How do we achieve this goal? Through hard work, repeated often. Outside of effort in the element of difficulty, there are three ways we can work towards this desirable state of calm.

First we must be thinking about it. Think about being calm, about wanting to be calm. The more we think about being calm the more our mind and body will get used to the idea that this is the way we want to be. This thoughtfulness will instill in us the desire the motivation to remain in a calm state. On top of that, visualization is a key tool at our disposal. Our imagination is a very powerful tool/part of who we are, and it can be employed to take us through the most challenging situations again and again allowing us to practice remaining calm in an emotionally tumultuous world. NOT only does visualization build our emotional muscle memory, it also gives us the edge of predictability and routine. The upsetting acts as others become much more run of the mill, and therefore much less able to get our “goat”. We are able to game out the games of others and our reactions to.(We are most often prone to track other’s activity ignoring ours) Thirdly we must revisit their provocative situations where we have lost our calmness and where we have been able to maintain it intact. Rather than beating ourselves up, or patting ourselves on the back, revisiting our successes and failure gives us the chance to  see where we went wrong or right, to correct our errors and entrench our correct behaviours. If you like photonics, ours’ aim would be to employ the 3 m’s Motivation, mechanics, memory.

Giving thought to calmness will give us the motivation, visualizing calmness will provide us with the mechanics, and employing our memories of situations that require calmness will illuminate a clear path to achieving it.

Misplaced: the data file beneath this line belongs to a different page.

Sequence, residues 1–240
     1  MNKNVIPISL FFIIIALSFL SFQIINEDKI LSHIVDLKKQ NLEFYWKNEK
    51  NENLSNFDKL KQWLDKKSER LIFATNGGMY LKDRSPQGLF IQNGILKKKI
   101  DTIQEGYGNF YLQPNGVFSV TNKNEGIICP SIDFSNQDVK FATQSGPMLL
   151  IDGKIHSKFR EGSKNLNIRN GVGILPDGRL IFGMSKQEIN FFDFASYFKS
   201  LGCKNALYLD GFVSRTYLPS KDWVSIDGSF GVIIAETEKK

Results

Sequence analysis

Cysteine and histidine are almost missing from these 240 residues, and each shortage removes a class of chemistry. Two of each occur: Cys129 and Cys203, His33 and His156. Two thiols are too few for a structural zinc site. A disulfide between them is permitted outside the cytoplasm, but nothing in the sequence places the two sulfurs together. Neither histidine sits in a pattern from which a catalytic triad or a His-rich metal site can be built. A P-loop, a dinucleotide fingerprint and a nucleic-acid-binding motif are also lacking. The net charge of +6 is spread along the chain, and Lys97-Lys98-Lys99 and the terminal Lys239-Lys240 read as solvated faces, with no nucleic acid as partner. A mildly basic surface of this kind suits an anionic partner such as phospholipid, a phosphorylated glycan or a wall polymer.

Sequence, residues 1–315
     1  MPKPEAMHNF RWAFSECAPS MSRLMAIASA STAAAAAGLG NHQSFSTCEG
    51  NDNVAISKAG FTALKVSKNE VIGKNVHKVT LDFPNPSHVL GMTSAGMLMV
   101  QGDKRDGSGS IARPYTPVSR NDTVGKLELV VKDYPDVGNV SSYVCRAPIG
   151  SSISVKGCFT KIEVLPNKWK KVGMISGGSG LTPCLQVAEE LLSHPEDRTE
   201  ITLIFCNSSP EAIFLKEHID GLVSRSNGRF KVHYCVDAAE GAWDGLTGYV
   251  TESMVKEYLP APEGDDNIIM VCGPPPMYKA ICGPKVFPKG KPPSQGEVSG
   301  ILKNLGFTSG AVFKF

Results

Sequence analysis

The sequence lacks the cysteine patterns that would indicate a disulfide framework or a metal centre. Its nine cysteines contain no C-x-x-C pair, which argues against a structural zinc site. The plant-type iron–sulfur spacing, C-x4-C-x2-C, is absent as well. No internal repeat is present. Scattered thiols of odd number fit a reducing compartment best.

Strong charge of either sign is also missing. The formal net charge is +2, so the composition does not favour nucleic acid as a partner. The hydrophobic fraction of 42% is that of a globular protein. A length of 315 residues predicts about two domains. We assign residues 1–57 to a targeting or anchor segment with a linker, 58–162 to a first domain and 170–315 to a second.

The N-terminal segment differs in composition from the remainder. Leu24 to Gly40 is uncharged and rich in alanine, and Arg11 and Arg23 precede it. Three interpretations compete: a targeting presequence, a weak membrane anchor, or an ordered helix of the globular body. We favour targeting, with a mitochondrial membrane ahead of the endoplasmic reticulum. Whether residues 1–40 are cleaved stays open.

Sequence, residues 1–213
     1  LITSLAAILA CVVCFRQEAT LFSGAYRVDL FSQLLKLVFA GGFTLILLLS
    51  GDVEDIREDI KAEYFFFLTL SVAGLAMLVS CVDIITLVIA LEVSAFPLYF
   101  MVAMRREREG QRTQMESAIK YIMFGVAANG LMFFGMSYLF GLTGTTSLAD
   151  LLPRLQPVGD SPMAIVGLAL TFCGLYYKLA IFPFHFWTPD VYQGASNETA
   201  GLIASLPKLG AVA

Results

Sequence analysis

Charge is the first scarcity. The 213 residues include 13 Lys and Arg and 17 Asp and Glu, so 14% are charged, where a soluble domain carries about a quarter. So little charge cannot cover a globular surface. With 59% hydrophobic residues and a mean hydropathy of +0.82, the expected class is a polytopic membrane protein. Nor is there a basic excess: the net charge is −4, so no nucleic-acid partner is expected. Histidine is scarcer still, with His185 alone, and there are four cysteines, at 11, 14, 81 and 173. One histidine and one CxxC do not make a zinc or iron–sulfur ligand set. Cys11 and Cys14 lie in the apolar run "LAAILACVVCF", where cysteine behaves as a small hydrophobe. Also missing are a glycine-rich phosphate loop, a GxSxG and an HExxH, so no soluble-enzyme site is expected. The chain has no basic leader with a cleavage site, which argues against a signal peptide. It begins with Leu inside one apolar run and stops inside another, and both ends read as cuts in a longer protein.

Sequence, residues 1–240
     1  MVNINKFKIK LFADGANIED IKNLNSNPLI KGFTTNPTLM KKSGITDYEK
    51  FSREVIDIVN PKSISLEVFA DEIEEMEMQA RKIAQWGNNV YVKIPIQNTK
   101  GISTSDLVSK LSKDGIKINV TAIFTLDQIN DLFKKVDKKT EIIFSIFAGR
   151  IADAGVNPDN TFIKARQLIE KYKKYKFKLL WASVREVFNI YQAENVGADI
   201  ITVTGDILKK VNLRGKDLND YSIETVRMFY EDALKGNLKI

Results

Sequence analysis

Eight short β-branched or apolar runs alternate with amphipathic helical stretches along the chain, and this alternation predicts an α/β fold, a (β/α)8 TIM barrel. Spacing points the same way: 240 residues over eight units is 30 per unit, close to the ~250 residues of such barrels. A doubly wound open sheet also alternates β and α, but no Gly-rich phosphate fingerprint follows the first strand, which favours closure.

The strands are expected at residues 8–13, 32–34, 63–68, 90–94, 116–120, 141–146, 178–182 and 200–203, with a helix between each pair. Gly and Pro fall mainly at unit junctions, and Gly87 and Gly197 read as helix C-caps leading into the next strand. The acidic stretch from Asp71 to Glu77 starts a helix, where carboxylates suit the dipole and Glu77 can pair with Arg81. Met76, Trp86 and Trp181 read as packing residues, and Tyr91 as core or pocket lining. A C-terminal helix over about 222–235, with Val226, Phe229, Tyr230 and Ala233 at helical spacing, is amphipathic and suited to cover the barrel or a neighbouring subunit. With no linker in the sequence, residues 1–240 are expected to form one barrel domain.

Here is the fact, Always Remain Calm.

When we inject anger into a difficult situation, we are simply adding fuel to the fire. When we withhold anger (withhold not suppress, for anger put into proper perspective almost always dissipates over time) And instead present our calm, composed self, we rob the fire of its oxygen.

ARC is a means to cross the turbulent waters of life that can be built by any person.

Your life and more importantly your children’s lives will be much better. It’s not easy but it can be done. I can be considered as a proof of this thesis and my son lives with me 50% of the time. So it is “truly your my turn” on an equal fair basis.

You can visit or join my journey here Being positive is a lot better than being negative, I am living proof.

Thank you,


John-1401 the new beginning (1)


About My Turn Your Turn

Visit us on our official website at and sign up for your free 30-day trial. My Turn Your Turn is a co-parenting website that helps organize families and improve communication between co-parents sharing children due to divorce or separation.  Specializing in co-parenting tools and shared parenting resources including an online custody calendar,  online divorce journal, child support tracker and more for blended families, single parents and high conflict divorce cases.

They Call Me Mummy

A Quest to Discover the Woman Within

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Divorce, Child Custody & Child Support, Alimony, Contempt, Modification, Youth Court, Adoption and Appeals.